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Electoral Court at odds with international standards

By Yiangos A. Socratous

Even though Cyprus is a member of both the Organisation for Security and Cooperation in Europe (OSCE) and the Council of Europe (CoE), the judicial response to the appeal filed by former Mayor of Limassol Andreas Christou seems to lack essential elements that render the process incompatible with international standards.

According to the final results, in the December 2016 Municipal Elections Christou received 9 votes less than the candidate who was inaugurated as Mayor of Limassol – 30,760 people voted in Limassol. The election appeal of Andreas Christou was submitted within the time limits set in the legislation.

The basic points of the appeal is that omissions and irregularities were committed in the counting of the votes, that arbitrary or inconsistent criteria were used in determining the validity of ballots without any centralised oversight of decisions taken by different polling stations and that these omissions and irregularities in the counting, in combination with the small difference in number of votes received by the two major candidates, altered the final result.

As it appears from the Intermediate Judgments already issued by the Electoral Court, the most serious issue in the handling of the case so far is the lack of transparency manifested through the prevention of access to relevant documents and information.

The second significant issue is that the ongoing process has already exceeded the three-month time limit provided for in the legislation for the conclusion of election appeal court proceedings.

The documents to which access for inspection has not been allowed by the Electoral Court are the following: (a) Polling station ballot counting sheets; (b) Receipts for collection of ballot box and other objects by polling station chairpersons.

In justifying its decision for the denial of access, the Court adopted the argument that the request for access to the documents represents an attempt to “fish for evidence”. However, the Court did not explain how this is possible this case.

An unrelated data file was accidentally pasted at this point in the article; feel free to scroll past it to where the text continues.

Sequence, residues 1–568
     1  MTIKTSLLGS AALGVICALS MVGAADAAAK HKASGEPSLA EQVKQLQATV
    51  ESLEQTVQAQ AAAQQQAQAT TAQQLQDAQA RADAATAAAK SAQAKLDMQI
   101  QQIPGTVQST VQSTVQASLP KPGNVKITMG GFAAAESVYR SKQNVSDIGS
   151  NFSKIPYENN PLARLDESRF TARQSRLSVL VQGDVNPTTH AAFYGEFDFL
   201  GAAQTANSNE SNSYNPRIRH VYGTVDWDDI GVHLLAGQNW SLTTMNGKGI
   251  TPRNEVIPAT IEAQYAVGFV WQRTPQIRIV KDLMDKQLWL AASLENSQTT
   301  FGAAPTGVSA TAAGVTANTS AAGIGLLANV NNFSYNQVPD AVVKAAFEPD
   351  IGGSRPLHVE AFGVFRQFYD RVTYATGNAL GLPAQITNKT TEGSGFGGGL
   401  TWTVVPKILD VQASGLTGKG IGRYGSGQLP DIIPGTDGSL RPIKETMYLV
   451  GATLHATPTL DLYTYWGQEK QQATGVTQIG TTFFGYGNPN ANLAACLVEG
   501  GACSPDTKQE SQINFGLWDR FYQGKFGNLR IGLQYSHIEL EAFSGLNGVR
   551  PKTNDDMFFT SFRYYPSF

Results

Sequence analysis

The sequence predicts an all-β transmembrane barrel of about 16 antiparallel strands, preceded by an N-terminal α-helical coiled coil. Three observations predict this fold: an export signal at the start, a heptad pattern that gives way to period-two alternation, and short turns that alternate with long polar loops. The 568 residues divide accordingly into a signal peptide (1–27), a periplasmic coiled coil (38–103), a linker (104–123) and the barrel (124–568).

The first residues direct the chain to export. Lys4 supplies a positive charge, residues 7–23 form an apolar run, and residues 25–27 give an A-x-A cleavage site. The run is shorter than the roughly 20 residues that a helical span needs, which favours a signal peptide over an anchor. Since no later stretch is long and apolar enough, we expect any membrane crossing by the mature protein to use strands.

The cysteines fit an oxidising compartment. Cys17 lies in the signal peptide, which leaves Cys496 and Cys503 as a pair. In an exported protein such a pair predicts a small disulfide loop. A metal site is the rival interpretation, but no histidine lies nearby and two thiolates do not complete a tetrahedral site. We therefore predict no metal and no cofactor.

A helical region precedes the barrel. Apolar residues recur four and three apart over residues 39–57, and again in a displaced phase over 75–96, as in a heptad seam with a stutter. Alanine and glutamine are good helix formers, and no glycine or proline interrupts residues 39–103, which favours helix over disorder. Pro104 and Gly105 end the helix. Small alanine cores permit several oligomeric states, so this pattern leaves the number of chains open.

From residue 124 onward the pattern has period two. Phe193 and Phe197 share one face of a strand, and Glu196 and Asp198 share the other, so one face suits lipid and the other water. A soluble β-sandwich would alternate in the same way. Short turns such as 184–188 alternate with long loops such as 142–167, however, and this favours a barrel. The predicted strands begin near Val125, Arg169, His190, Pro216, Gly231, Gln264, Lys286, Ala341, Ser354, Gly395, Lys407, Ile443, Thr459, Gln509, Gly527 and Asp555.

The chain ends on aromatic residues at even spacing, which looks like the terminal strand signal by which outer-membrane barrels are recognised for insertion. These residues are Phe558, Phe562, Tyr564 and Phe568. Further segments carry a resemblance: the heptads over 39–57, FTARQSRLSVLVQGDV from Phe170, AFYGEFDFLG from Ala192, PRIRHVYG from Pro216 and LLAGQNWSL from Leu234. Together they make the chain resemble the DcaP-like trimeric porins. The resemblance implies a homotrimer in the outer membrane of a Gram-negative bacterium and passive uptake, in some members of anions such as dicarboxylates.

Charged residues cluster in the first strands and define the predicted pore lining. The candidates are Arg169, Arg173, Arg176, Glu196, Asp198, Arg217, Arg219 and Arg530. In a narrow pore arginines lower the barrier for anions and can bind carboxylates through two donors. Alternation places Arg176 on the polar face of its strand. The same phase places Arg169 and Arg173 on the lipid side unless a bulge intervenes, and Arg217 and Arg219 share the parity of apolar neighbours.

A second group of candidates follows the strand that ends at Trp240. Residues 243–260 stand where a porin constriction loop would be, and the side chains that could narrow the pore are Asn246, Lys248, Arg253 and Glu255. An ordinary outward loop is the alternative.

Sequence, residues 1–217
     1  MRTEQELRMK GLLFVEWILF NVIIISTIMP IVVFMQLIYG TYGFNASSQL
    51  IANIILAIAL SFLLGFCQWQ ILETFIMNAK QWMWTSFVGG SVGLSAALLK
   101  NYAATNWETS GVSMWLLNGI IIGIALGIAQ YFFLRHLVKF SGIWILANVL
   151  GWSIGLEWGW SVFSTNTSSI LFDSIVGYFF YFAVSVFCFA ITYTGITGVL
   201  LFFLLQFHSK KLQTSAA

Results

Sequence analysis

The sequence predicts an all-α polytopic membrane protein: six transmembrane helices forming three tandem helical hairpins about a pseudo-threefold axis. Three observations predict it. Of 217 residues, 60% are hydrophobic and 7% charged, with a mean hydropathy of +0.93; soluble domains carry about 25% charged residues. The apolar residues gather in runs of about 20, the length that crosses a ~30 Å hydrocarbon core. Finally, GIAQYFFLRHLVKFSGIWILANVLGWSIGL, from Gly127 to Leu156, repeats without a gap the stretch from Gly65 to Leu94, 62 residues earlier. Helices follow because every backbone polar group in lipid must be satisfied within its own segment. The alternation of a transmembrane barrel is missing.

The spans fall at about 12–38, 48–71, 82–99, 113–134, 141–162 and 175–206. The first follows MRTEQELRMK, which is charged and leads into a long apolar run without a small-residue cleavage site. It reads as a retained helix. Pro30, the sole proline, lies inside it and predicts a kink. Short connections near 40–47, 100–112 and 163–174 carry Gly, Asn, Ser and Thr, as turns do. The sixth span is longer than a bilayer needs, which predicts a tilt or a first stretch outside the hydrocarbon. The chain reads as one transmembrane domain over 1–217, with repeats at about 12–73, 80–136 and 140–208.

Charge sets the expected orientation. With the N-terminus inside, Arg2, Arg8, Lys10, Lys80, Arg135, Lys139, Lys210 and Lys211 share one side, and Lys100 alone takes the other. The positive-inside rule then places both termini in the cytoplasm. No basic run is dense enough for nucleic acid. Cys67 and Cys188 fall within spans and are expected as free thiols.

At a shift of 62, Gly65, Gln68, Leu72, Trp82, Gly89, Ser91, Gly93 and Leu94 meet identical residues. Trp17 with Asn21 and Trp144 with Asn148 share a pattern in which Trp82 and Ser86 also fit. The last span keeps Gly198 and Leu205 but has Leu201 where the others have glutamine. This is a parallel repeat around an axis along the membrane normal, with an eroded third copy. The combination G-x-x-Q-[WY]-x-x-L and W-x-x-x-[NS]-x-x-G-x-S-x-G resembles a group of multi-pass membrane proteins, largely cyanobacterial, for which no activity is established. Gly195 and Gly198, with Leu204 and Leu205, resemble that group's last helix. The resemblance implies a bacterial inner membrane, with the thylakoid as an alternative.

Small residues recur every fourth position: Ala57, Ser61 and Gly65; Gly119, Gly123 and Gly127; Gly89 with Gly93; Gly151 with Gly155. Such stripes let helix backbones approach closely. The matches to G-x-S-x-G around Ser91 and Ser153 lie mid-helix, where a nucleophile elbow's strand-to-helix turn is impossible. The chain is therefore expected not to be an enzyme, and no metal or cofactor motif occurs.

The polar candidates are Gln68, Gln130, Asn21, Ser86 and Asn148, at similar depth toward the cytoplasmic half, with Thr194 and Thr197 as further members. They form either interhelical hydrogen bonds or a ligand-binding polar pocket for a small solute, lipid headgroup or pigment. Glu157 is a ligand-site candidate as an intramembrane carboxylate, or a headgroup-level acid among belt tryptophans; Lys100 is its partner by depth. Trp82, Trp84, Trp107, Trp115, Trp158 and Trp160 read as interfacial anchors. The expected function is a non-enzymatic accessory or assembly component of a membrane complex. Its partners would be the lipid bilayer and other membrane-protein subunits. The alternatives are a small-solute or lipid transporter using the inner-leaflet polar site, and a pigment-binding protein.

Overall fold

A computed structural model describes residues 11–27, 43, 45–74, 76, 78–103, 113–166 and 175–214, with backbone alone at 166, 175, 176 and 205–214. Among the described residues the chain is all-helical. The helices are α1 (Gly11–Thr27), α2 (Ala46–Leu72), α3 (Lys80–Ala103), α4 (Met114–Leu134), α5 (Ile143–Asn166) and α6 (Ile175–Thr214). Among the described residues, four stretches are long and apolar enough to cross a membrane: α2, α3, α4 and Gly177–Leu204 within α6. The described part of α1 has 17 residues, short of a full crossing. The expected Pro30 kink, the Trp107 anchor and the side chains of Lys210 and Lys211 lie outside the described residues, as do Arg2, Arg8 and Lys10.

A core recommendation of OSCE is that all relevant election documents should be publicly accessible, including election protocols, detailed tabulation and tally sheets, and that the same level of transparency should be granted in relation to proceedings on complaints and appeals on electoral matters.

OSCE stresses that transparency requires not just public access to the proceedings and the documents, but also the inclusion of the adequate reasons and justifications for decisions that are taken.

The CoE considers transparency in the vote count an essential precondition for the protection of basic human rights, and specifically the right of free suffrage.

It is worth noting that the right of access to electoral documents is also part of the more general right of access to information, in accordance with international standards of transparency.

As such, the handling of the election appeal by the Electoral Court and the observed deviations from international standards is attracting the wider interest of citizens and organisations that are active in promoting the wider right of access to information in Cyprus and at a European level.

The delay in the progress of the election appeal trial in Limassol is another indication of the gap between international standards and the manner in which the case is handled by the Electoral Court. Reports by the CoE and the OSCE stress the need to respect timelines.

Another indication of formalism is the bureaucratic treatment of evidence. OSCE mentions as an example of formalism the inadmissibility of evidence concerning violations or errors that occurred during vote count based on the absence of a written objection or of such a violation or error in the “record book”.

On the contrary, the recommendation is to avoid considering polling station records as “conclusive” proof, but to take into account all types of evidence that, under the circumstances are sufficiently, trustworthy.

A stance against formalism in election appeal procedures is taken by the Council of Europe, especially in politically sensitive cases, stating the need to avoid complicated and time-consuming procedures.

The omissions already documented in the court proceedings for the election appeal of the former Mayor of Limassol match the description of formalism made by the CoE, the OSCE and the ECHR.

Nonetheless, the integrity of the process can still be rescued, so that the Republic of Cyprus does not remain exposed.

For this to happen, those responsible for handling the election appeal process should approach it not as a weakness of the political system but as a proof of its strength, openness and transparency.

The writer is a political scientist


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